Marnova – of and from a wandering mind…

Marnova's musings on life, media and Mongolia

Poverty kills childhood?

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Save the Children are committed to ending poverty for children.  I admire their ambitions.  Very commendable.

Their latest slogan is ‘poverty kills childhood’.   But…does it really?  I know where they are coming from – innocent children, starving, with no access to medical services, but there is a flipside – if they have enough to eat, a close family and plenty of love, then they are doing better than a lot of kids in the Western world.

Someone very close to me that I respect a lot, grew up in complete poverty in a village in Asia.  He was born in the shack they lived in.  Technically, the family had a roof over their heads, but not with enough space for him to sleep there, so he slept with the other boys in the village hall.  His family couldn’t afford for him to take lunch and a drink to school so he had to choose one or the other.  They had no money for clothes, so he had to wear clothes donated by the local temple, whether they be trousers or dresses.  He had to leave school when he was seven to work in the fields.   For years, his sole existence was to put out the fishing basket on his way to going to mind the family water buffalo (no money for fences so it had to be stopped from eating other people’s crops), then checking the fish on the way back.  Heartbreakingly, his father did not even have enough money to bury his first wife (poor health so often comes with poverty) when she died, so he took her to the mountains (good feng shui) on his bicycle and buried her himself.

So what became of this boy?  Did this life of poverty destroy him?  Well, he put himself through night school and did  his homework by candlelight.  When he came of age, he eventually left his village for Europe (with a passport someone had posted to him) and worked hard until he found stability and eventually had a family.  When you speak to him now, it is rare he tells his story and he never seeks pity on the occasion that he does.  Life wasn’t easy when he was younger, but he had something that a lot of adults, let alone children are now missing – a spirit for survival.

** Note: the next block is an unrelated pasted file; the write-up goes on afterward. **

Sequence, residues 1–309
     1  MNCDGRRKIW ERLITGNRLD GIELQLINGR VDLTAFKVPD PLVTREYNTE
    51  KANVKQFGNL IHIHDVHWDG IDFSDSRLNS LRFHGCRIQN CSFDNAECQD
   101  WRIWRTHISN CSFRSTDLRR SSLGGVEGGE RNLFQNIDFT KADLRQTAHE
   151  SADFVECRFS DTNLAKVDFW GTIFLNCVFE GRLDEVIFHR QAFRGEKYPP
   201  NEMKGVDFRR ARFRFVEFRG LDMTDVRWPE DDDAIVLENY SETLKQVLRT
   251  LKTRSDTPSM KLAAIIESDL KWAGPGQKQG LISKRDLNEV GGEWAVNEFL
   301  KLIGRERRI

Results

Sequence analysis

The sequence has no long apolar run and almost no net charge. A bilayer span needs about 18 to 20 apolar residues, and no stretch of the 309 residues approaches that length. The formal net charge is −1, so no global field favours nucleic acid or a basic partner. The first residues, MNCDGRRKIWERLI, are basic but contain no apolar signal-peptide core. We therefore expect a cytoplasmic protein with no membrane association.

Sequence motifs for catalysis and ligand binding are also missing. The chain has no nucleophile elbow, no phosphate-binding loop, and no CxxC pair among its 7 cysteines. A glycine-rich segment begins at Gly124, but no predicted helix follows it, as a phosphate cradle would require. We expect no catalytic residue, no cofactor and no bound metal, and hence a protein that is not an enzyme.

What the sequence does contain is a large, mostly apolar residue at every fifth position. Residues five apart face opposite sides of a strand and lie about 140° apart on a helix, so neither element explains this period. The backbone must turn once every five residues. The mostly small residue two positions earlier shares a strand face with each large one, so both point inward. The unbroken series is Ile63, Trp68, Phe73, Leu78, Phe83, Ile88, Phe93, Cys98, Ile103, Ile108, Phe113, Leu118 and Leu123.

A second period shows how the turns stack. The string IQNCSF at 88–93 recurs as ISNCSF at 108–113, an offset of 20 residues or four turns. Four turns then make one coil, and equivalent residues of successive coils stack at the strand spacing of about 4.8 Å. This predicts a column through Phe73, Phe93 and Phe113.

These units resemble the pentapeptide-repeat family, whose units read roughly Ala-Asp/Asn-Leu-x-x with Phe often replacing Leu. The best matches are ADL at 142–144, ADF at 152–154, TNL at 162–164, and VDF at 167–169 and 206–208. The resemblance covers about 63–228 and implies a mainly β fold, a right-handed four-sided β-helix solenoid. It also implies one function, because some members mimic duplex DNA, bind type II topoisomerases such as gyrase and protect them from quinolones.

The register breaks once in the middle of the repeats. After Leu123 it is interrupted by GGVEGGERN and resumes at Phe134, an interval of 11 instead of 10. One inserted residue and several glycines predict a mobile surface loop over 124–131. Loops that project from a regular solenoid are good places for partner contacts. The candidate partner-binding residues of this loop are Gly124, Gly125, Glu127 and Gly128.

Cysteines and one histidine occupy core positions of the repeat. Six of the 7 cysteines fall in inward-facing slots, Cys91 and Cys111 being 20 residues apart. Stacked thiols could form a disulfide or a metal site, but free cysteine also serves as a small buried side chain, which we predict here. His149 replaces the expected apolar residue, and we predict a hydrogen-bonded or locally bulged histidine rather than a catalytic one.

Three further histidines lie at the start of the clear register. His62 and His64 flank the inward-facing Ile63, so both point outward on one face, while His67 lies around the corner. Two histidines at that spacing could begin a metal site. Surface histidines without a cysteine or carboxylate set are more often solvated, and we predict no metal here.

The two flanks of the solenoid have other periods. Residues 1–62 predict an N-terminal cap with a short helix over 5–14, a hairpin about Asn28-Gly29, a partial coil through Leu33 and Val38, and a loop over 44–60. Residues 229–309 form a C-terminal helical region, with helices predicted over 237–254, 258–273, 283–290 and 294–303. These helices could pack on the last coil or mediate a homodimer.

Struggle and strife were part of his childhood, but they also shaped and defined who he became.  He worked for and achieved the things he wanted, valued the people he loved, lived with humility and didn’t take anything for granted including each meal he had.  You can imagine – that is a person with their priorities very much sorted.

And of his childhood?  Maybe it would have been different if he’d grown up in the city, but he will tell you about the fun he had with the other kids when they returned from the fields, the mischievous whisperings between the boys that shared the loft in the village hall and all the normal things that kids get up to when they’re young. 




Written by marnova

April 7, 2010 at 4:29 pm

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